--> Fitting Deterministic Arcuate Map View/Sigmoidal Cross Section Surfaces to IHS Beds in Heavy Oil Fluvial Point Bars
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# Fitting Deterministic Arcuate Map View/Sigmoidal Cross Section Surfaces to IHS Beds in Heavy Oil Fluvial Point Bars

## Abstract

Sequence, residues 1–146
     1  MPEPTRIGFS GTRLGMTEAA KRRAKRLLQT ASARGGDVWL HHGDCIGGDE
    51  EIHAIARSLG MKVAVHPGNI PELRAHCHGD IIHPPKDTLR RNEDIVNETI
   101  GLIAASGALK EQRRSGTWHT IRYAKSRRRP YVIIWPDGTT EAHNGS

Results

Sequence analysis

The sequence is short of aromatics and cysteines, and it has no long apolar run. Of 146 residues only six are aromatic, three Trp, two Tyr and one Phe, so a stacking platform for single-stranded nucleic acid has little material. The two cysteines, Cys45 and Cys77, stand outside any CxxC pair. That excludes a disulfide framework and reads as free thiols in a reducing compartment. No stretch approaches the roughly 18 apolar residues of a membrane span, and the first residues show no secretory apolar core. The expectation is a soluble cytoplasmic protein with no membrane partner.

The geocellular models most faithful to the formation architecture are those in which the cell layers are parallel to bedding. Achieving this in fluvial point bar deposits is difficult because bedding in the heterolithic upper point bar is neither parallel to the point bar's scour base nor to the overlying seal beds. In general, the upper point bar bed geometry is sigmoidal in cross section and arcuate in map view. This shape can be described with the following algorithm: (1) Ps = (SQRT( (Xc - Xs)2 + (Yc - Ys)2) - R) / W (2) IF Ps < 0 THEN Zs = UpperZ (3) ELSE IF Ps > 1 THEN Zs = LowerZ (4) ELSE Zs = UpperZ+ (0.5 × cos( 3.14159 × Ps) - 0.5) * (UpperZ-LowerZ) where: Ps = normalized position of the sample point on the sigmoidal slope Xs = sample location X coordinate Ys = sample location Y coordinate * Xc = circular planform shape centroid X coordinate * Yc = circular planform shape centroid Y coordinate * R = circular planform shape radius to top of sigmoid slope * W = width of sigmoid from top of slope to base of slope Zs = calculated elevation of sample * UpperZ = elevation of top of sigmoid slope * LowerZ = elevation of base of sigmoid slope * = term in sigmoid shape equation The dip angle of the sigmoidal surface at any location can be determined as the first derivative of the above function. Also, the down-dip azimuth can be calculated as the angle between any sample point and the shape centroid relative to due North. The algorithm of Equations 1 through 4 is optimized to the surface elevation picks in wells and/or geophysical data using a spreadsheet that iteratively modifies the six equation parameters of the mathematically defined surface (denoted with asterisks) until an objective function of fit to the real data is minimized. The objective function is a weighted summation of elevation estimation error, dip angle estimation error, and dip azimuth estimation error. After the best-fit equation terms are determined, the same algorithm is used to assign elevation values to the nodes of a surface elevation grid. These surfaces can then be flexed to match well data and/or geophysical interpretations and then used as zone boundaries, as layer orientation guides for the geocellular framework, or to help correlate between widely spaced wells. This method has been successfully applied to a Brazos River (Texas) modern point bar with dense borehole coverage, and to two heavy oil reservoirs in Alberta, one with 3D seismic and the other with ground penetrating radar.